Great idea, but does Sen Sanders understand?

Senator Sanders wants to promote employee ownership. I agree, it is a good idea, but I don’t think he understands how business works or how workers would benefit.


  1. Actually, Employee Stock Ownership Plans have been demonstrated to be effective at improving productivity, in turn improving corporate performance. They are also effective at transferring ownership of the enterprise from the entrepreneur to the employees. See academic work at Rutgers for example.

    Unfortunately, that is not what Mr. Sanders espouses. His proposals would:
    – ” … require large businesses to regularly contribute a portion of their stocks to a fund controlled by employees, which would pay out a regular dividend to the workers. Some models of this fund increase employees’ ownership stake in the company, making the workers a powerful voting shareholder. …” and
    – “… force corporations to give workers a share of the seats on their boards of directors. …”

    In that manner, the changes will create new entitlements that can only be accommodated by adjusting other aspects of the total rewards offered to workers. Much like health reform and other misguided concepts, this substitutes Senator Sander’s priorities for the enterprise’s and worker’s goals. For example, where there are represented employees in place, nothing stops them from negotiating over the same two items (perhaps not bargain to impass, but negotiate just the same).

    With exceptions, few unions are really interested in requiring workers to take compensation in the form of equity in the employing entity. Many workers who do have been disappointed – one of the most common ERISA class action lawsuits are something called “stock drop” suits.

    Similarly, didn’t we just go through the ENRON and other comparable scandals. Today, look at KraftHeinz were a significant portion of employees retirement savings assets are invested in KraftHeinz stock, in turn now the subject of stock drop litigation. Similarly, unions typically don’t want to take board seats, lest they have to vote in favor of something the rank and file might disagree with (plant closing, etc.)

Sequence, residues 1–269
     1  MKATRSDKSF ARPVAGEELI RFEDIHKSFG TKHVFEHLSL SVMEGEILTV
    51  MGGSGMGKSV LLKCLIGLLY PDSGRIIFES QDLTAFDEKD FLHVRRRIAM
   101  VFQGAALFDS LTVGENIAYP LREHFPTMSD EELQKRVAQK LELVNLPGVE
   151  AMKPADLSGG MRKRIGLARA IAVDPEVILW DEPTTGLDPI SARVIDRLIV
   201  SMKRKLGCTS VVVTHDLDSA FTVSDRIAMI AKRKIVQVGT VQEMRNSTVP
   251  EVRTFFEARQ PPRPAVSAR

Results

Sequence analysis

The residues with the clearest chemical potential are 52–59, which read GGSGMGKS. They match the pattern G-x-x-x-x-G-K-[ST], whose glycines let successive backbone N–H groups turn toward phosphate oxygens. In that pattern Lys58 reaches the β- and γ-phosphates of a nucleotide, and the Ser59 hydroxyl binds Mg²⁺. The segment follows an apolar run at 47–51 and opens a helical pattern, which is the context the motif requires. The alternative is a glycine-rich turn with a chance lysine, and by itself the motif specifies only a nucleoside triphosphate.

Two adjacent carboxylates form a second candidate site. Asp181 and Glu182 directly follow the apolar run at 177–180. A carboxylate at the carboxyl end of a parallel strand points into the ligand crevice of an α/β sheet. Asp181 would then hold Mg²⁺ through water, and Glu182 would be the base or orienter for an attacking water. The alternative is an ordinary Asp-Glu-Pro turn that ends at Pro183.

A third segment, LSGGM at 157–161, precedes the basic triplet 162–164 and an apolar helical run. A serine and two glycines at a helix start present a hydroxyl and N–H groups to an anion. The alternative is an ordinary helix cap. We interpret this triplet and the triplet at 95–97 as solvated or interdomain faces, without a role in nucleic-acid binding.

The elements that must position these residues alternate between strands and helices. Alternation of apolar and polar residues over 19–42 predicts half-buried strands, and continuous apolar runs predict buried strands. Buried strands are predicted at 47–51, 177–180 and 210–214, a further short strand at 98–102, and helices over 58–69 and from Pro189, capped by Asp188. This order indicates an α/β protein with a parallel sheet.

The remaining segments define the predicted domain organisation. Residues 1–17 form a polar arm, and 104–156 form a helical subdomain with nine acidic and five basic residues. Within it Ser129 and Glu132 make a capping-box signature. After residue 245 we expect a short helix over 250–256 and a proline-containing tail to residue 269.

So, when Bernie says workers get to be owners of stock and get a share of the seats on the board, what he is really talking about is increasing the unionization of the private workforce (who would actually be sitting on the board as employee representatives), as a means of gaining added dues, and in turn, campaign contributions. In turn, those monies would fund added government control over private industry, and in turn, private lives – until, of course, all is consistent with Bernie’s “democratic” socialism. Any other motives for this stuff are clearly secondary.

    Here’s an example of Bernie at work. Back when Bernie was a congressman from Vermont, he held up legislation to insert instructions to the Treasury Department/IRS, that they could not finalize regulations that applied to “cash balance” formula defined benefit pension plans. He thought that if the Treasury could not provide guidance, employers would not convert their more traditional, final average pay formula plans to cash balance formula plans. What he never understood, and still doesn’t today, is that the private sector plan sponsor’s choice is not between a cash balance formula pension plan and a final average pay formula pension plan, but between any pension plan and no pension plan at all. Since he took that action in the early 2000’s, since eliminated (we got final regulations in 2014, 10+ years later), we have seen the percentage of employers who sponsor defined benefit pension plans (cash balance or final average pay formula) decline to less than 5%.


    Restricting pension plans and limiting employer flexibility will only lead more and more employers to the exits – regardless of the topic or issue

    Thank you Senator Sanders!


  2. Bernie should actually WORK for an employer instead of the taxpayers to see if his socialist ideology actually works ?


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